Bitfury, a multi-sector blockchain company, has partnered with the Plekhanov University of Russian Economics to create an accelerator for blockchain projects, the forklog news bulletin reported on November 21st.
In addition to supporting the development of blockchain projects, the university will provide courses and further training dedicated to "training specialists who are able to create innovative projects using digital technologies in a short time". This will allow specialists to "bring [the projects] to the market in the midst of the new industrial revolution, "Dmitry Ufaev, head of Bitfury Russia, told Forklog.
According to Forklog, the project will be supported by the Russian Ministry of Digital Development, Communications and Mass Media. A ministry official quoted by the newspaper stressed that the pilot program meets the aspirations of public institutions and large companies that need to be modernized.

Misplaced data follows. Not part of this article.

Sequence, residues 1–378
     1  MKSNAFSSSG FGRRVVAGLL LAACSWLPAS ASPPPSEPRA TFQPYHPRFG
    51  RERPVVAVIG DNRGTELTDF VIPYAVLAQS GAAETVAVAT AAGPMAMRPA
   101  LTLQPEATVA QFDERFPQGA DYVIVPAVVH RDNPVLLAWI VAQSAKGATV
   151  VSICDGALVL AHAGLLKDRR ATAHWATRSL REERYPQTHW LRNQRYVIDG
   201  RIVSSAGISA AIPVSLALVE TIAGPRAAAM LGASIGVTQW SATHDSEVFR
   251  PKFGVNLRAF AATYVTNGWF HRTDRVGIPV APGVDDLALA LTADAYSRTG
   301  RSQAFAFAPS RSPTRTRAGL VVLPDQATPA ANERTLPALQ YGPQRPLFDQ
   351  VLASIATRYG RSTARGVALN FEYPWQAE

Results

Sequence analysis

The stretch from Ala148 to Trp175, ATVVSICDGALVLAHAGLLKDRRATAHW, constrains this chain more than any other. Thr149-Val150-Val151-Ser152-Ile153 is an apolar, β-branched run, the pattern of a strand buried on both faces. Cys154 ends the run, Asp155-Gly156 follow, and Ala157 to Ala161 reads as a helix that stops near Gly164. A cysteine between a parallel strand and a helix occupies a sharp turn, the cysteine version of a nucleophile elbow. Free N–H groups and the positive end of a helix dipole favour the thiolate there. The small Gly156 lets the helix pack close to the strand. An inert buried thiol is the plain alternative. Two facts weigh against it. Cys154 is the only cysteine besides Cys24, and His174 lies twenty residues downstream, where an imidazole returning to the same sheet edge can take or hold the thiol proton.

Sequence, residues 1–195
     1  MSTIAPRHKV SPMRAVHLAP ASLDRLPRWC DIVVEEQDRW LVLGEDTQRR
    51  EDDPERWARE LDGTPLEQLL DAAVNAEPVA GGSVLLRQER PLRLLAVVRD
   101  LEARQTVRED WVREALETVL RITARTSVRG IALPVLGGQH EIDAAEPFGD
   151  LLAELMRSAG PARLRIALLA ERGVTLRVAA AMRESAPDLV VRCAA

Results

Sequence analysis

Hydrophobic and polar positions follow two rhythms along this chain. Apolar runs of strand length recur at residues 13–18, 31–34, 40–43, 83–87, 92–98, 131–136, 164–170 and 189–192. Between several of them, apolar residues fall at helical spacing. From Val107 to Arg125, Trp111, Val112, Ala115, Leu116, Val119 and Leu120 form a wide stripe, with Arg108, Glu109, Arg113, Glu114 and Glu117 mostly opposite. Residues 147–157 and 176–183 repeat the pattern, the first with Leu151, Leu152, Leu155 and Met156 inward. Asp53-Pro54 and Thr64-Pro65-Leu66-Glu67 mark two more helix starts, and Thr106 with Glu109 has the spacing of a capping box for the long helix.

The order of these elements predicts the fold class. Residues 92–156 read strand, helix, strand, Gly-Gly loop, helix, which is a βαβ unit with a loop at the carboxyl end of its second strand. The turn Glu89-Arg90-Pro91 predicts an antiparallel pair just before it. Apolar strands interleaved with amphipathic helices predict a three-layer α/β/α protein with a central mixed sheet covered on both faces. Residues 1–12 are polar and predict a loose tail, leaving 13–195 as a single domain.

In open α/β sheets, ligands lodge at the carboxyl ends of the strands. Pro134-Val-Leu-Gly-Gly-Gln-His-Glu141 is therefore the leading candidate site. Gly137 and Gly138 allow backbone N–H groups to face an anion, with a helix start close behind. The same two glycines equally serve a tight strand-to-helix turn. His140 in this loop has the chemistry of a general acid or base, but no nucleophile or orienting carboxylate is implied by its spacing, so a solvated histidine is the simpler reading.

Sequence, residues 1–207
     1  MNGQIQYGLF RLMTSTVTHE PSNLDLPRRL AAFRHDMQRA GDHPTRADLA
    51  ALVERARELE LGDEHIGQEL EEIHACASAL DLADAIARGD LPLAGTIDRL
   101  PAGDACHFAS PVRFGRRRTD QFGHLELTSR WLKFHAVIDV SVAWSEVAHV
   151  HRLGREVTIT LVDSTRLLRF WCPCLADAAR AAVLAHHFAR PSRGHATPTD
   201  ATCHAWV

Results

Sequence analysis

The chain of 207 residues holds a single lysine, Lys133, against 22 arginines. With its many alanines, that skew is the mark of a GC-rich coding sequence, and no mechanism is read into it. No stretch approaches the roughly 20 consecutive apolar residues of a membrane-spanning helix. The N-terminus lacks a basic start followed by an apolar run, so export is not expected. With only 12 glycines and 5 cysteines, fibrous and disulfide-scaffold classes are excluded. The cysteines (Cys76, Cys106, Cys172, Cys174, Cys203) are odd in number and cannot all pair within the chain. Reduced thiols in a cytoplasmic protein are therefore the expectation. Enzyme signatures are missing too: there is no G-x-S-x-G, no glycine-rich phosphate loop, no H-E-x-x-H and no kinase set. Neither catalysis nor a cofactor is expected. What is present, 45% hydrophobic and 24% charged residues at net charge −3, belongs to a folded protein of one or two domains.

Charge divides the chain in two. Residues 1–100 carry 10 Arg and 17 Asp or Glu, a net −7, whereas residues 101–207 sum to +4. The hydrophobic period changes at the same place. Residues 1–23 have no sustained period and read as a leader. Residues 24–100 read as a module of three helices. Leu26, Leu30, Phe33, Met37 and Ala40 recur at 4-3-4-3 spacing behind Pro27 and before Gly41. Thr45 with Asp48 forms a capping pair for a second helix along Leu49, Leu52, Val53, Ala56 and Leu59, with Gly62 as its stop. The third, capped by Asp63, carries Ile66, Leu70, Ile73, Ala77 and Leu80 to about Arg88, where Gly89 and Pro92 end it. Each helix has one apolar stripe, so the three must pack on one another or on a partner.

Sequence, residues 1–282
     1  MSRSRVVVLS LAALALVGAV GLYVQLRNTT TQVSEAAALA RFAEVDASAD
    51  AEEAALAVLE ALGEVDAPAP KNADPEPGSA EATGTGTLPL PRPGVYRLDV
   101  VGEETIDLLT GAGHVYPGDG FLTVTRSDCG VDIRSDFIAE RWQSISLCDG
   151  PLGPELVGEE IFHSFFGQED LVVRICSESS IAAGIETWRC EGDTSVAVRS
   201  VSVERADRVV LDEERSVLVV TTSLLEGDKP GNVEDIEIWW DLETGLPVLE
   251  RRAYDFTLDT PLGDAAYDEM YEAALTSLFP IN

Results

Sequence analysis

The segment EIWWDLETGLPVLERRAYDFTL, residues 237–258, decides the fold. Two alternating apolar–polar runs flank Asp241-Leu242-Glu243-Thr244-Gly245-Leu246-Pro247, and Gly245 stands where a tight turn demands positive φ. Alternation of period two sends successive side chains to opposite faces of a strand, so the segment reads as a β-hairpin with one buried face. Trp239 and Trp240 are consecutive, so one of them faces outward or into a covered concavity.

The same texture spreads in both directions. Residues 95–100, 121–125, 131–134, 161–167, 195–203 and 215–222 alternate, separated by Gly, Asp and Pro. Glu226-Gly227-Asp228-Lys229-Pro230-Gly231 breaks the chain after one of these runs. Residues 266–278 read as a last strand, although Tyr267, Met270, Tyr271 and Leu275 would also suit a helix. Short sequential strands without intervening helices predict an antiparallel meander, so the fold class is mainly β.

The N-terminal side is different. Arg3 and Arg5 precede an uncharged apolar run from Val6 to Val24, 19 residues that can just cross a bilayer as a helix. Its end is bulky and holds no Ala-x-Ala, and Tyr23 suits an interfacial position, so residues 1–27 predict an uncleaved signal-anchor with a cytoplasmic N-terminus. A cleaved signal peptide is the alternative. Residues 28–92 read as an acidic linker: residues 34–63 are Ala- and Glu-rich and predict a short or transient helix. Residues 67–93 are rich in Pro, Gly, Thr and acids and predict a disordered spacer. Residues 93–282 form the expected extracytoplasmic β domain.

As reported previously by Cointelegraph, major universities around the world are offering encryption courses with increasing frequency. According to a recent Coinbase study, 42% of the world's top 50 universities, such as Berkeley, Stanford and Cornell, offer at least one class on cryptocurrencies and blockchains.
Earlier this week, the University of Tokyo announced a blockchain technology course after several companies – including Japanese banking giant Sumitomo Mitsui – donated $ 800,000 to support the program.
In October, the University of Gibraltar set up an advisory group that will focus on developing blockchain-related education courses. Reportedly, the New Technologies in Education group is a joint initiative between the government, the university and a number of major technology companies based in the country.
On November 6, Bitfury closed a financing round led by the European venture capital fund Korelya Capital, after raising $ 80 million. The company has also recently hired an investment banker, Antoine Dresch, on its board of directors, and a former member of the US Securities and Exchange Commission (SEC), Annette Nazareth, in its advisory committee.